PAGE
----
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The 2020 Lozano Long Conference Black Women’s Intellectual Contributions to the Americas
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Faculty Organizers: Christen Smith (AADS and Anthropology), Lorraine Leu (LLILAS and Spanish & Portuguese) and Daina Ramey Berry (History and AADS)

2/20/2020 to 2/21/2020
When: Thursday, February 20, 2020
Where: Teresa Lozano Long Institute of Latin American Studies
2300 Red River St
Austin, Texas 
United States

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Black women from Latin America have largely been excluded from contemporary debates in Black and Latin American Studies. Race, gender/sexuality, and regional origin (which is inherently a classed categorization) compound to mute voices in unique ways. The duality of racism and sexism rampant in the Latin American academy erases Black women from Latin American studies. Black women are erased from Black studies because of its traditionally patriarchal structure. And Black women from Latin America have been overlooked in the canon of Black women’s studies because of the tendency to overemphasize the experiences of English-speaking Black women within this global project. As a result, there is a need to radically diversify the discourses of each of these fields and to foreground Black women’s contributions from Latin America to philosophical and political thought in the Americas. This conference seeks to address that need by engaging with Black women’s intellectual contributions to the Americas from the perspective of the South: Latin America.

We use the term South as a way to put Latin America in conversation with the Circum-Caribbean (a region conceptualized from coastal South America northward to the U.S. South). This conceptual zone has historically been marginalized in the public imagination as exotic, backward, out of the way, and specifically, Black. We also imagine the South to be a frame that allows us to push back against the coloniality of modern nation-state and regional formations that are both racialized and gendered. National borders and boundaries are not innocent configurations—rather, they are political land divisions steeped in the coloniality of power and designed to create arbitrary divisions on what is in fact indigenous land. By centering Spanish, Portuguese, indigenous, and African language-speaking experiences from Latin America, we also seek to shift our interpretation of the South from an imperialistic North perspective to a decolonial non-anglophone perspective.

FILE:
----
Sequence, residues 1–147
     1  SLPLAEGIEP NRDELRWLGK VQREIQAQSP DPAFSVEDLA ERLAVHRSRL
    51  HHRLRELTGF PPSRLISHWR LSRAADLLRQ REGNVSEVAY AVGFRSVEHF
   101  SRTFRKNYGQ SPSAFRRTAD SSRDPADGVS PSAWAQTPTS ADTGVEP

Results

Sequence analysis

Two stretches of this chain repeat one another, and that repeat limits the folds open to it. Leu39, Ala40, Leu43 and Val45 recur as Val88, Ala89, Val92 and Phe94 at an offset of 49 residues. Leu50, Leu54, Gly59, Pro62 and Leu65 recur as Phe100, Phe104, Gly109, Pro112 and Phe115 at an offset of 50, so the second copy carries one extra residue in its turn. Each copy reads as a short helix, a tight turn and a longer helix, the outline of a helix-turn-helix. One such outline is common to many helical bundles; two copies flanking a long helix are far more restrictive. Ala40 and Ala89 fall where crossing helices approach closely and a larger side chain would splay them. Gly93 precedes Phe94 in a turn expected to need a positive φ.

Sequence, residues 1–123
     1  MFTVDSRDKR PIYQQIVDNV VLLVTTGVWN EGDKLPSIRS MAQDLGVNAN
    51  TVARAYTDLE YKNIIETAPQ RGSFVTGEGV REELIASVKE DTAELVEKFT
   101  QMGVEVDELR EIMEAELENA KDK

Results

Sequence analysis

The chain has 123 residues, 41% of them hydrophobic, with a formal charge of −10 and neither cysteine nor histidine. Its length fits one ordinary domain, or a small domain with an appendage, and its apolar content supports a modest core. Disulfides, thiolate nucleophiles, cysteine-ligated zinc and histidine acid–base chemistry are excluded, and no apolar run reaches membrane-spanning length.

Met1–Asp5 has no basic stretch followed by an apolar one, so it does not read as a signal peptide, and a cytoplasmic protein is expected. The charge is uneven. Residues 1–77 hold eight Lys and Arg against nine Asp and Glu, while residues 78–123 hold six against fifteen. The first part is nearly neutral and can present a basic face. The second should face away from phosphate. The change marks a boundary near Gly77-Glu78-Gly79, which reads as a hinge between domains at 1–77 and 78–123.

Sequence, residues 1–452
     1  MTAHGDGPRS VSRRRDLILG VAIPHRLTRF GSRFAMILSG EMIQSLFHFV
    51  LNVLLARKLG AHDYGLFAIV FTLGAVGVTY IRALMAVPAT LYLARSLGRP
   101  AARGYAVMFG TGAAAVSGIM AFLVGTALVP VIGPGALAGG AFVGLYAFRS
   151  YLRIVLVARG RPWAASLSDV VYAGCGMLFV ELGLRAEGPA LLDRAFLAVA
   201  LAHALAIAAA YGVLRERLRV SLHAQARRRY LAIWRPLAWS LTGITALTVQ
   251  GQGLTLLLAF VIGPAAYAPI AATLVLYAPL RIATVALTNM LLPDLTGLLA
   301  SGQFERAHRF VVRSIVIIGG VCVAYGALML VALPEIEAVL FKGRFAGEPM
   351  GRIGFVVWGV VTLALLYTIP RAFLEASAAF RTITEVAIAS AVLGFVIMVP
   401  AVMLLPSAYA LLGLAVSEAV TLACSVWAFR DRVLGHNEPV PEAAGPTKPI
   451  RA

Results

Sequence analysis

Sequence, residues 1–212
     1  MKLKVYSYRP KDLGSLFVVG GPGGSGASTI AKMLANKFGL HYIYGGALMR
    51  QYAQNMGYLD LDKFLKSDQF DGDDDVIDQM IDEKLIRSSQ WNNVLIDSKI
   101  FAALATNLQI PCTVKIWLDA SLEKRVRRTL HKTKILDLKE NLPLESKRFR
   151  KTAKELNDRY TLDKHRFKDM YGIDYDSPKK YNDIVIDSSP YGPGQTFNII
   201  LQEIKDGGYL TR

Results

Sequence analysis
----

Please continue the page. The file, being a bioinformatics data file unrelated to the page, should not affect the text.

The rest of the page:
Black women from Latin America have made significant theoretical and philosophical interventions across the region from the Conquest period forward. Employing a multi-disciplinary, transnational perspective, this conference will rethink the role that Black women’s thought and praxis have played in defining the socio-political and cultural landscape of the Americas for the past four hundred years, centering the experiences of Black women in Latin America and the movement of Black women throughout the Americas: migration, transit, and cultural flows. In this way, this conference will critically engage with Black women’s transnationalism, movement, cosmopolitanism, and agency through migration and language. By locating Black women as agents of theory, movement, politics, and culture, this two-day conversation will re-cast Black women as theorizers and transnational agents of change.

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